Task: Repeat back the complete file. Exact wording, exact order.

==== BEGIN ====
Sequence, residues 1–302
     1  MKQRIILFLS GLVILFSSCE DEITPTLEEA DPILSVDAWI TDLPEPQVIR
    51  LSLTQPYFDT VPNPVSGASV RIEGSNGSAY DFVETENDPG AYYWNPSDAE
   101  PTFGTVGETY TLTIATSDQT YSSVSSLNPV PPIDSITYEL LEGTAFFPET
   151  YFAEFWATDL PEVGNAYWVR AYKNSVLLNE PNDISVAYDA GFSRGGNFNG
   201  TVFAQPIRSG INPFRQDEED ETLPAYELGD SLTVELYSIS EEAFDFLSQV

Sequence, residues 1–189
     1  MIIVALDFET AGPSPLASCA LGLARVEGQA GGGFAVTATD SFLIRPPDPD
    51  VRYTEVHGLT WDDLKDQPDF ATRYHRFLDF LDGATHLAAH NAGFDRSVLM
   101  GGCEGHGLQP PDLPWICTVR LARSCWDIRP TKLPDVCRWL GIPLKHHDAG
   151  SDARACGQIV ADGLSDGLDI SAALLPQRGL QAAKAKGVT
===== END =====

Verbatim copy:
Sequence, residues 1–302
     1  MKQRIILFLS GLVILFSSCE DEITPTLEEA DPILSVDAWI TDLPEPQVIR
    51  LSLTQPYFDT VPNPVSGASV RIEGSNGSAY DFVETENDPG AYYWNPSDAE
   101  PTFGTVGETY TLTIATSDQT YSSVSSLNPV PPIDSITYEL LEGTAFFPET
   151  YFAEFWATDL PEVGNAYWVR AYKNSVLLNE PNDISVAYDA GFSRGGNFNG
   201  TVFAQPIRSG INPFRQDEED ETLPAYELGD SLTVELYSIS EEAFDFLSQV

Sequence, residues 1–189
     1  MIIVALDFET AGPSPLASCA LGLARVEGQA GGGFAVTATD SFLIRPPDPD
    51  VRYTEVHGLT WDDLKDQPDF ATRYHRFLDF LDGATHLAAH NAGFDRSVLM
   101  GGCEGHGLQP PDLPWICTVR LARSCWDIRP TKLPDVCRWL GIPLKHHDAG
   151  SDARACGQIV ADGLSDGLDI SAALLPQRGL QAAKAKGVT